Bernice Daniels

Anodized Aluminum - technical info

10 posts in this topic

Wow this was interesting to read. Thanks for adding the info from Grant. I really appreciate learning about the process.

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Very, very cool to read!

 

And I dunno, for a chemist, this could be a pretty fun job... If I'd gotten better marks in Chemistry in high school, this might've been something I would have considered.

 

Grant talked a little bit about the colour-matching process they use - Is it easier to match colours with the bright anodizing process than it is with the bulk anodizing process? (not sure I've got the right term, I mean whatever's used to anodize the machine cut rings).

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Definitely cool! I've always wondered about the whole process, but when you search anything on the internet, the results can be a little overwhelming. This helps a lot! (and I loved chemistry, but I was a science nerd way back when)

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Is it easier to match colours with the bright anodizing process than it is with the bulk anodizing process? (not sure I've got the right term, I mean whatever's used to anodize the machine cut rings).

 

It's my understanding that in the bulk process it's more or less impossible to perfectly match colors. It's a randomized system where the vast majority of a batch will mostly average out but there's always the likelihood of some off colored rings. That's in addition to all of the challenges with drag-out that you have to deal with in any large scale anodizing process.

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It's my understanding that in the bulk process it's more or less impossible to perfectly match colors. It's a randomized system where the vast majority of a batch will mostly average out but there's always the likelihood of some off colored rings. That's in addition to all of the challenges with drag-out that you have to deal with in any large scale anodizing process.

 

Ahh, okay. Thanks for the info :)

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Very cool to read about the process.  I completely understand the issues the have over time because I worked for years in a clinical lab staining biological specimen slides.

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I think there is a misunderstanding about how the bright dip anodizing process works that causes a concern for people trying to get the tiny 20g rings to match exactly between batches. I will try to explain in detail here. This info applies to every supplier out there who sells bright dip AA rings. You cannot avoid this problem - it is just how it is.
It is however only really noticeable on 20g (or thinner). We don't make 22g in AA partly for this reason.

The chemical process used to make the shiny (bright) anodizing removes about 2-3% of the material. This is what creates the smoother - and therefore shinier - rings. The percentage varies as I have noted <--- this is the 1st cause of a variation in wire thickness and is not preventable.
The 2nd cause is one we have more control over - and we try to minimize as much as possible. If after the 1st dip the coils come up and the color isn't quite right - its too light - then it has to be dipped a 2nd time. This 2nd dip will remove another ~2% from the wire diameter.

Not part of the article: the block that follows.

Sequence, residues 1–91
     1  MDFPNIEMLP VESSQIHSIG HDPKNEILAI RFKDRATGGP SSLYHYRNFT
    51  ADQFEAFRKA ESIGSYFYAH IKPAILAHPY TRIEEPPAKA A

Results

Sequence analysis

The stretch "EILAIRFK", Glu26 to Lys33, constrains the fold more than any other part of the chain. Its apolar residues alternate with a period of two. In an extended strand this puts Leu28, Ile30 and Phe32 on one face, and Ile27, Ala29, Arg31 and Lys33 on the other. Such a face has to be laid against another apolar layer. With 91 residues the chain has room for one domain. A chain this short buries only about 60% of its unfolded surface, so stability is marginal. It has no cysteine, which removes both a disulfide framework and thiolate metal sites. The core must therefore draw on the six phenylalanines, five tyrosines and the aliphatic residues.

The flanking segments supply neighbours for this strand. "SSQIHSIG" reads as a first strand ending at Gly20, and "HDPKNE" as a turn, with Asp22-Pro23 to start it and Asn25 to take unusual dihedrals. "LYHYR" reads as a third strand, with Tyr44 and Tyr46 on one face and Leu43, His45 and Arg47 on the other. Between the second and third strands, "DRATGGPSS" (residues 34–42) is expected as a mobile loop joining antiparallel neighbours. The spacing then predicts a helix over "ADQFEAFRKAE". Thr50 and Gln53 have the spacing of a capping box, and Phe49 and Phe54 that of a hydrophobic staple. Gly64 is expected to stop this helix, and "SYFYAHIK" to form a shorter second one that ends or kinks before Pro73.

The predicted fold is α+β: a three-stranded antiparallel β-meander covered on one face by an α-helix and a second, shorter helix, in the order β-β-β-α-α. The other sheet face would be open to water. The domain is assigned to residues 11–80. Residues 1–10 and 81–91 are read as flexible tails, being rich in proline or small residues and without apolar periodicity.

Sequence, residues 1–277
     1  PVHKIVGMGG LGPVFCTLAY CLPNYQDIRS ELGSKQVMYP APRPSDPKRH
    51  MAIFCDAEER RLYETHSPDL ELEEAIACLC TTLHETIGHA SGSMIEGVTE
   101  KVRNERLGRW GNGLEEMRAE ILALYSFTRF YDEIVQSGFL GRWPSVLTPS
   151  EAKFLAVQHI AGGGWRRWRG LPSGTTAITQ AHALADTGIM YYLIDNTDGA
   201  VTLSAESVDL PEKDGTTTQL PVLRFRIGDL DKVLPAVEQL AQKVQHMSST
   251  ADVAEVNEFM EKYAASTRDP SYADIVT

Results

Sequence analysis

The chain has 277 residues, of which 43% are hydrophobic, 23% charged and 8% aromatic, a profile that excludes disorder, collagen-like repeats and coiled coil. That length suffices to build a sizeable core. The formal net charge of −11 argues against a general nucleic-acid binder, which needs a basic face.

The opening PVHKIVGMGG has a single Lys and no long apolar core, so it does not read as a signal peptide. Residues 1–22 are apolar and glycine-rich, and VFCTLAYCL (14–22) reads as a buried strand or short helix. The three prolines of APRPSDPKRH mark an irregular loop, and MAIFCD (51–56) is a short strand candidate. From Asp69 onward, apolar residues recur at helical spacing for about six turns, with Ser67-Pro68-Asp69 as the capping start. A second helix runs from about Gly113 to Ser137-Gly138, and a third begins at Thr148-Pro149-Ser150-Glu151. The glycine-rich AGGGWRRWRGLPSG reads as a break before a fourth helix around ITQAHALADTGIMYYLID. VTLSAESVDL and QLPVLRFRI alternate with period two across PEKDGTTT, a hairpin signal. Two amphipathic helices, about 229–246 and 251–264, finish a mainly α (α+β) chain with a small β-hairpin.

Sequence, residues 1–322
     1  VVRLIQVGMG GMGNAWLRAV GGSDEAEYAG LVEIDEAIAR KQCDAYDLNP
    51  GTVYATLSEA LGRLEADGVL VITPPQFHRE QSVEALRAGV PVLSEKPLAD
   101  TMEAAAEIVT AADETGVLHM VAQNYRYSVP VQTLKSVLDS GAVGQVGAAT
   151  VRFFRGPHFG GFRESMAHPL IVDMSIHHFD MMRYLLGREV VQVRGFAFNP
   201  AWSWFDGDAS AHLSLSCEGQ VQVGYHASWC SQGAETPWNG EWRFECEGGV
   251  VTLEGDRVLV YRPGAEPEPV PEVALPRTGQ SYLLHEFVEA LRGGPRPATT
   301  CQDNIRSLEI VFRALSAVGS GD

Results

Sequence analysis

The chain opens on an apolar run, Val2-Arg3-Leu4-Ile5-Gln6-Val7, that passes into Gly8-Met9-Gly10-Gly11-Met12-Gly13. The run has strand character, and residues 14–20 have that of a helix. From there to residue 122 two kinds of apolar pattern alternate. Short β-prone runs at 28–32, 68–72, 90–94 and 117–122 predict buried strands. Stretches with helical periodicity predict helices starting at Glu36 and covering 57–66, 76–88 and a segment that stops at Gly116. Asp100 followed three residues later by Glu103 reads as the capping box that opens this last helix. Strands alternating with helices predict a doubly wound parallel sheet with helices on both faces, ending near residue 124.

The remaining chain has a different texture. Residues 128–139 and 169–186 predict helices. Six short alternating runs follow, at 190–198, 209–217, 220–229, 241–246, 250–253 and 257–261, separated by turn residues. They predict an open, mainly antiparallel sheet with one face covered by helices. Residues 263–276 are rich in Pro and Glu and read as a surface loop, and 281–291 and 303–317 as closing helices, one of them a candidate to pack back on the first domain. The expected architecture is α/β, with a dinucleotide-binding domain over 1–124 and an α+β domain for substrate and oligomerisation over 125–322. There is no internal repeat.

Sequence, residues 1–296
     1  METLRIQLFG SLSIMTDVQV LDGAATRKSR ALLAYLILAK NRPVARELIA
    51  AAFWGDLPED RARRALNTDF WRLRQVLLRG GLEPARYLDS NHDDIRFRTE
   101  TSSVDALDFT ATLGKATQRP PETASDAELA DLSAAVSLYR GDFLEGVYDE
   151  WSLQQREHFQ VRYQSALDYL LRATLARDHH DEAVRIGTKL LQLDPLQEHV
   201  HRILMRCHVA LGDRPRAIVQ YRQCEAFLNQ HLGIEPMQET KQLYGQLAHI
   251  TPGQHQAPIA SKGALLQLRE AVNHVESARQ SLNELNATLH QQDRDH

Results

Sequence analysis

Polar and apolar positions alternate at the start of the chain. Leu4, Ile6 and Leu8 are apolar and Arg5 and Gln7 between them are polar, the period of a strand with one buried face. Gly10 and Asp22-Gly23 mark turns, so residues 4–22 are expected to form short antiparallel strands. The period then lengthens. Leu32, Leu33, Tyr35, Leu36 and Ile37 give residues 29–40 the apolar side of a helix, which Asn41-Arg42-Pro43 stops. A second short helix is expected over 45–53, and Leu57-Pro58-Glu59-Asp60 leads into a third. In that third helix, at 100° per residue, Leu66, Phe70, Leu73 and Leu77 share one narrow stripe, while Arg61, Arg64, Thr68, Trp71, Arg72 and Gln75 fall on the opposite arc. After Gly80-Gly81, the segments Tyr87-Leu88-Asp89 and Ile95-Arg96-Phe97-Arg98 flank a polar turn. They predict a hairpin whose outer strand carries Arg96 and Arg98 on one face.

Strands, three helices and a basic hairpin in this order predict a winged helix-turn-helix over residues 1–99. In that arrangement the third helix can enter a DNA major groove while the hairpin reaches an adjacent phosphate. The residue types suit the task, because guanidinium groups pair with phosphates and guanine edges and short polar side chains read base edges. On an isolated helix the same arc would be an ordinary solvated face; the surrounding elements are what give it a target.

This process is only used on our saw cut shiny AA rings. The machine cut bulk anodized rings are not bright dipped.

We dip the coils - so the change in wire diameter has now changed the AR and ID ever so slightly.

The only time this 2%-5% is noticeable is in the 20g wire. Here is the math
20g = 0.32" = 0.81mm
best case: 2% thinner is 0.81*.98=0.7938mm (0.3136")
worst case: 5% thinner is 0.81*0.95=0.7695mm(0.304")

Now for AR - lets look at 20g 7/64"
with no loss - eg the bright aluminum rings you have:
actual ID = 2.84mm (0.112" )
wire dia: 0.81mm
Ar: 3.5

with 2% loss:
Wire dia = 0.7938mm
ID - also changed ever so slightly do to even eating away of material. This means ID has changed to 1% larger
ID = 2.84mm*1.01 = 2.8684mm
AR = 2.8684/.7938= 3.61

For the 5% loss works out to an AR of 3.78

So you would see an AR variation of 0.1 to 0.28
It is not possible for us to list the exact variation as it will vary from batch to batch. So 1 batch of purple may be a 2% batch and another may be a 5% batch.
 

calisandra, Katlee, Redbeard and 1 other like this

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Actually I think I have noticed this variation come to light on a inlay that I used 16g 5/16" rings using the marvelous bright anodizing rings.

 

In the bright dip anodizing process, is the wire coiled?  Or is it coiled after the anodizing?  If it was coiled after, there would be no ID variation.  The AR would still vary though.

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The aluminum is coiled first, and coils are placed in the racks to be dipped. Jon has indicated 200-400 coils per rack. I don't think the anodizing solution would work as uniformly into spools of bulk wire. Plus, why risk scratching anodized wire in the coiling process?

It would be nice to have bright-anodized bulk to throw onto mandrels ICE though.

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